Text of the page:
U.S. recession indicators

Last updated: January 30, 2020

By Jim Allworth, Kelly Bogdanova, Frédérique Carrier

RBC Wealth Management’s Global Portfolio Advisory Committee monitors six major economic indicators to gauge recession risks. The table directly below compiles our view of recession risks based on each indicator’s current position and recent movement. The interactive charts that follow show how these indicators have moved over time, with U.S. recessionary periods highlighted. Below each chart is an explanation of the indicator and our view of its current status.

RBC Wealth Management U.S. economic recession scorecard

Indicator Status
  Expansion Neutral Recessionary
Yield curve (10-year to 1-year Treasuries)
Unemployment claims
Unemployment rate
Conference Board Leading Index
ISM New Orders minus Inventories
Fed funds rate vs. nominal GDP growth

Source – RBC Wealth Management; economic indicators as noted below

For a detailed view of each indicator, please see the charts and text that follow.

Yield curve

Source - RBC Wealth Management, Bloomberg, U.S. Federal Reserve, National Bureau of Economic Research

The 10-year Treasury yield is normally higher than 1-year Treasury yield, but this relationship usually inverts several quarters before a U.S. recession begins. The monthly data inverted in August 2019, suggesting a U.S. recession could get underway in the late summer or autumn of 2020. Most yield curve inversions are caused by the Fed pushing short-term rates higher in an effort to cool down an overheating economy. This time, however, the inversion was caused by the 10-year Treasury yield plummeting as European and Japanese investors, dissatisfied with negative yields in their home debt markets, rushed into U.S. Treasuries, thereby pushing the yields they offer sharply lower. There are few, if any, signs that credit conditions have tightened in the U.S. or elsewhere. The yield curve de-inverted in October, but this does not signal “all clear”—historically, the yield curve has typically done this before the recession starts.

Unemployment Insurance claims

Source - RBC Wealth Management, U.S. Bureau of Labor Statistics

A bottoming of unemployment claims has reliably preceded the arrival of a U.S. recession, with the cycle low typically occurring several quarters before the recession’s onset. Although the smoothed trend of weekly claims ticked higher in December, the rise was driven by a two-week surge in claims that RBC Capital Markets, LLC Chief U.S. Economist Tom Porcelli believes may have resulted from inadequate seasonality calculations. Claims moved sharply lower in the weeks that followed, and in January the downtrend reasserted itself. The next few months will bear close watching with Boeing-related layoffs not yet fully factored in and coronavirus effects a wild card. The lowest weekly posting since 2007 was back in April 2019; history suggests that if the trend were to turn higher from here without a new weekly low being set, a recession would most likely materialize in the spring or summer of 2020. For now, we are leaving the signal green. Watch this space.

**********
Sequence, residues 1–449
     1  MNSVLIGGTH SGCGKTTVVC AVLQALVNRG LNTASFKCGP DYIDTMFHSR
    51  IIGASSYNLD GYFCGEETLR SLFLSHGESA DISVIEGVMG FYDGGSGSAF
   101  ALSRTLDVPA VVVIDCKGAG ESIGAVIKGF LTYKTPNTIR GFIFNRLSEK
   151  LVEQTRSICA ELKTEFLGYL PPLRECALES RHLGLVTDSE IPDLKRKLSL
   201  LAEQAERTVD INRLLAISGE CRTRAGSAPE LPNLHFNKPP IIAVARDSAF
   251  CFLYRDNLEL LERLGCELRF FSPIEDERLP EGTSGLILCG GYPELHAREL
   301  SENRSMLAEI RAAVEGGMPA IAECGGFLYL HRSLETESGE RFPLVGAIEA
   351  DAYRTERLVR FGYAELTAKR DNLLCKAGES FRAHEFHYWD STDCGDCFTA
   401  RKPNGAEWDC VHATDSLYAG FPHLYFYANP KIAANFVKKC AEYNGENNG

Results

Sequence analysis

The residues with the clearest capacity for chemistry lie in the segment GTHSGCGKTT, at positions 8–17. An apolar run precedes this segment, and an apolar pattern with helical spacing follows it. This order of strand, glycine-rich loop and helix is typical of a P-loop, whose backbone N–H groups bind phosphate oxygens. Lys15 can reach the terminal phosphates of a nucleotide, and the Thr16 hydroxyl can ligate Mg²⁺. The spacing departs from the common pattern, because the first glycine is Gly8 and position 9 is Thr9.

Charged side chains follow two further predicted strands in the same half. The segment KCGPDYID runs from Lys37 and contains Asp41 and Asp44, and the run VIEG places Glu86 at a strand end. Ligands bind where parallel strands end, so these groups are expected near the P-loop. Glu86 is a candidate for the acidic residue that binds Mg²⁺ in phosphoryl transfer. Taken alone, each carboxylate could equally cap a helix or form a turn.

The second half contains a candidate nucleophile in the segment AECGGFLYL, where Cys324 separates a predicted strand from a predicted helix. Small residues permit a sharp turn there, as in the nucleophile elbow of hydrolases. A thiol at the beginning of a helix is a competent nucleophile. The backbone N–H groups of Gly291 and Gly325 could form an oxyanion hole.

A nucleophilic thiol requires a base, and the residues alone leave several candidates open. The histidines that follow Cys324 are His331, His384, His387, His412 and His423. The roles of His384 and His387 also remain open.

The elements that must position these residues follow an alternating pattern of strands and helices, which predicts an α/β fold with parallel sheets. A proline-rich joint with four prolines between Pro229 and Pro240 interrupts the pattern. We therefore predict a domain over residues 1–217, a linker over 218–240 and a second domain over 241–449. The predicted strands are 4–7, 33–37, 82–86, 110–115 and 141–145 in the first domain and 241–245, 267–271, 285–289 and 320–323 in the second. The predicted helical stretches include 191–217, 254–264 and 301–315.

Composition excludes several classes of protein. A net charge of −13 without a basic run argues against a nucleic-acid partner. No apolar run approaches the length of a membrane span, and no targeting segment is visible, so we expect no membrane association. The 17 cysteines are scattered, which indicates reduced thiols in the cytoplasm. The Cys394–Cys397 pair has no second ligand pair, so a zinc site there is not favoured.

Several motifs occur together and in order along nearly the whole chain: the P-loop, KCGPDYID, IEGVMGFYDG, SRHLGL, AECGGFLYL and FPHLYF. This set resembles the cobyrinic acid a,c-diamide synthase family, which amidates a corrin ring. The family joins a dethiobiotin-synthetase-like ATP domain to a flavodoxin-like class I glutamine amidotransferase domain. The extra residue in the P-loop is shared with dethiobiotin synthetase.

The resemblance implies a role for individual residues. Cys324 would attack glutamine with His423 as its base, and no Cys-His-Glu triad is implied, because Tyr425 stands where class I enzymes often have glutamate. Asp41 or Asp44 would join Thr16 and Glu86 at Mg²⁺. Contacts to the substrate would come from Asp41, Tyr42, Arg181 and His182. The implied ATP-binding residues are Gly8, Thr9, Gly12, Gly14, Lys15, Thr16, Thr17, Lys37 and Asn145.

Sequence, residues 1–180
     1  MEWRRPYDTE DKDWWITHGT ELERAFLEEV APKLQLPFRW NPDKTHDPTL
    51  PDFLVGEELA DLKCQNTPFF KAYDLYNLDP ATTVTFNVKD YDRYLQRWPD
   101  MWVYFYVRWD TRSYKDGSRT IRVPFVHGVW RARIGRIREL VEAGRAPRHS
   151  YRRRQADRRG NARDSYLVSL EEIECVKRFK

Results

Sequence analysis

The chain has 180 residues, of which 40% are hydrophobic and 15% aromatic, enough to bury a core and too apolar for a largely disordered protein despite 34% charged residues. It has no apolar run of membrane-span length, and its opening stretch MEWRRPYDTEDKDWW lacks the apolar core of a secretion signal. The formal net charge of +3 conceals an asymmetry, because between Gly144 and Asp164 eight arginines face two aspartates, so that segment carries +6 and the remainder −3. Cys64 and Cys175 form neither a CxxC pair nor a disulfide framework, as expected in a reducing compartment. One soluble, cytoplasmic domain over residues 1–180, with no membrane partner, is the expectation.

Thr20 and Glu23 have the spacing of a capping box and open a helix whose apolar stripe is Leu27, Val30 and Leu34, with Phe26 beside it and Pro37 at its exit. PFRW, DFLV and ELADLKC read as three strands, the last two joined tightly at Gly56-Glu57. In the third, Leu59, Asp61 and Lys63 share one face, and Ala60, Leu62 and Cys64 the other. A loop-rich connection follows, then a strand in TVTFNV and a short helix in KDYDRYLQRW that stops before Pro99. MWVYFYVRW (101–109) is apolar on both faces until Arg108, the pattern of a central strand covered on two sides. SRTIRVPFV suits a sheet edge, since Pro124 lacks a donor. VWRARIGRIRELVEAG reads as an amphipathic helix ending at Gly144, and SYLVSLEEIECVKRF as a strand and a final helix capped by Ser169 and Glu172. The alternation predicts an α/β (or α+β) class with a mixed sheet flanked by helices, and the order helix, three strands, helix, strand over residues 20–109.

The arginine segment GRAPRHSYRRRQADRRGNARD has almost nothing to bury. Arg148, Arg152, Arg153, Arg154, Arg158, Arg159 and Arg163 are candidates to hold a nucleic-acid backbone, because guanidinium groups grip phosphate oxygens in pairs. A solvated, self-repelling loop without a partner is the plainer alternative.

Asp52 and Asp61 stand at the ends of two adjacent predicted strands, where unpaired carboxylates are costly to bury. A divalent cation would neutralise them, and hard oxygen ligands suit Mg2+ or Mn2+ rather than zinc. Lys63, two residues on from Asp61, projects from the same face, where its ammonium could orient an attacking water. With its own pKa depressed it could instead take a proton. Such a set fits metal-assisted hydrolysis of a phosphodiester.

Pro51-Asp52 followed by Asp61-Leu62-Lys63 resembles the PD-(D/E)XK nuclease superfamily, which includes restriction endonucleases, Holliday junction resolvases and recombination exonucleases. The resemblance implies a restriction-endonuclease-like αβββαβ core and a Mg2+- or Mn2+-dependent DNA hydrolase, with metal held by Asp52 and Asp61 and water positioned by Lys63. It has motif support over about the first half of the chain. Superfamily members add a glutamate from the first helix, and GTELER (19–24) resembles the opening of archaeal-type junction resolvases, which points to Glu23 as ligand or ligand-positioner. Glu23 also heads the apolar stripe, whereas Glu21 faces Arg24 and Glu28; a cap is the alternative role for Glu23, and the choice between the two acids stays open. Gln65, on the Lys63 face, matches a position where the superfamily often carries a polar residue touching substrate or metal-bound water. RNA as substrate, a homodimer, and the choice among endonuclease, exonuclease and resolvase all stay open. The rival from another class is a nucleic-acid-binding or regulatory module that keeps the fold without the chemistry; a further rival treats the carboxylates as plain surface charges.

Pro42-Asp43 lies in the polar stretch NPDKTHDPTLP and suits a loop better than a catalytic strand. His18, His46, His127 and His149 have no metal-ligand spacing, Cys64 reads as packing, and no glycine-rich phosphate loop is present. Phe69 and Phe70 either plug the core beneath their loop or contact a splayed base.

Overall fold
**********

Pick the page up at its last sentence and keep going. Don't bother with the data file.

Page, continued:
Unemployment rate

Source - RBC Wealth Management, U.S. Bureau of Labor Statistics

Once the unemployment rate turns the corner and begins trending higher, the start of a recession is typically two to six months away. While recent data puts the unemployment rate back at its most recent low of 3.5%, the lowest level in almost 50 years, we note that unemployment has been sitting below 4% for almost a year. It would take only a couple of monthly readings at 3.9% or higher to shift this indicator out of expansionary territory. However, given Labor Department estimates of 6.8 million unfilled jobs in the U.S. versus 5.8 million unemployed, it seems quite possible the unemployment rate is not yet ready to turn higher.